c. 2006 Religion News Service
I’m not sure if I’ve ever seen such an explosion of public interest in Jesus — from a variety of angles old and new (some would say odd). Whether this fascination simply means that Dan Brown’s The Da Vinci Code has created a new industry, or whether it signals something deeper — that’s up for debate. As a pastor with 24 years of ministry experience in a nontraditional setting and as an author on related matters, I think it’s a good measure of both.
Through this resurgence of interest in the known Gnostic gospels, through intrigue surrounding the newly discovered Gospel of Judas, as well as through interest in all things Da Vinci, Americans are expressing, I believe, a simultaneous spiritual disappointment and hope — and each has live political ramifications.
Regarding established institutional Christianity, this interest expresses disquiet that the religion that bears the name of the enigmatic Galilean seems to be growing increasingly out of sync with what was most obvious about him. For example, increasing numbers of evangelicals (who comprise about half the country’s actual church attenders on an average Sunday) express frustration with the dominance of the religious right. A pro-war, pro-rich, anti-environment, anti-immigrant Jesus doesn’t ring true for them. Perhaps a Dan-Brownian conspiracy theory taps into their barely conscious suspicion that somebody stole their Savior and substituted him with a foreign ideology.
Catholics have similar reasons for disillusionment in the wake of priestly sex scandals and cover-up bishops. And mainline Protestants, whose total market share of church attendance on an average Sunday has fallen to less than half of that of evangelicals, have reason to wonder why a radical Jesus has produced such a lackluster, institutional and rather tame religion.
Brown’s idea of a happily married Jesus appeals, I think, to a sexually anxious culture that can’t imagine anyone being happily and fruitfully celibate. And it may tell the church that it has so emphasized the divinity of Jesus that his humanity is underrated. In this light, imagining Jesus as husband and father (as Brown invites us to do) may be an attempt to bring him back into our own human experience. Even if the means of doing so are ultimately misguided, theologians would have to agree that a divine-but-not-human Jesus matches neither the Jesus of faith nor of history.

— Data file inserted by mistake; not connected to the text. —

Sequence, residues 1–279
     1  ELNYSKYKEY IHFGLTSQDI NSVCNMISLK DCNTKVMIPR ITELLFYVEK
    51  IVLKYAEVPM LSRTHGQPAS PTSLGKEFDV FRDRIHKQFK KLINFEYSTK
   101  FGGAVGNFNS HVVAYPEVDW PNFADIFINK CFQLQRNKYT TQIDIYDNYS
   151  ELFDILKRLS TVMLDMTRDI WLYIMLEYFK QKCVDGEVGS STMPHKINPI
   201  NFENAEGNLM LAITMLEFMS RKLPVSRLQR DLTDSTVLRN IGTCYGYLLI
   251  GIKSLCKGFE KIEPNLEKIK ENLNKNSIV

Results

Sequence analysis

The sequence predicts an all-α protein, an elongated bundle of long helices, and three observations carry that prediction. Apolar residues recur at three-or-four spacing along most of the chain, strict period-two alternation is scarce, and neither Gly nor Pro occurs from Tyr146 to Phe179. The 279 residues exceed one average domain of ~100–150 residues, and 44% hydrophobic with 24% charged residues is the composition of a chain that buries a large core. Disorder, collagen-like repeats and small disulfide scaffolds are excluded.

Speaking of history, the Jesus Seminar and related projects attempt to re-root Jesus in the history and politics of his day — another way of humanizing him, so that he is a man within a time and culture, speaking first and foremost to the political, social and spiritual realities of his day. That rootedness in no way precludes his message from being timeless and universal. But it suggests that it must first be timely and situated in order to become transcendent, which requires people today to understand its original timeliness and meaning in order to discern its contemporary relevance.
The contemporary relevance of Jesus is, after all, what everyone (excepting some scholars) is most interested in. The reasons for this interest aren’t hard to imagine. In an age increasingly dominated by two violent forces — terrorism and the so-called war on terror — surprisingly large numbers of people have more confidence in Jesus pointing a non-terrorizing way forward than they have in either Republicans or Democrats doing so. And in a time of growing polarization, when both left and right continually demonize the other, a growing number of people see the very tendency to demonize others as itself demonic. When they look for someone capable of freeing the national soul from this divisive spirit, who else comes to mind except Jesus?
But if the Jesus worshipped and proclaimed by our churches and religious media too often appears to be a plaster image (or perhaps a plastic one, or a digitally enhanced and made-for-TV one), we shouldn’t be surprised if people go looking elsewhere for a flesh-and-bone Jesus who is rooted in history and by his very earthiness offers more earthly hope.
That’s the Jesus many of us are rediscovering — not in the Gnostic gospels, and not even in a page-turning conspiracy theory, but in the canonical ones, the four we’ve had all along. If the current fascination with alternative views of Jesus can help us make that rediscovery by prompting us to read Matthew, Mark, Luke and John with fresh eyes, in the end, we should be grateful to the Gospel of Judas and Dan Brown, too.
A lot is at stake, and as a source of contemporary hope, Jesus still doesn’t have much competition.
Brian McLaren (www.brianmclaren.net ) is the author of “The Secret Message of Jesus” and a leader in the “emerging church” movement.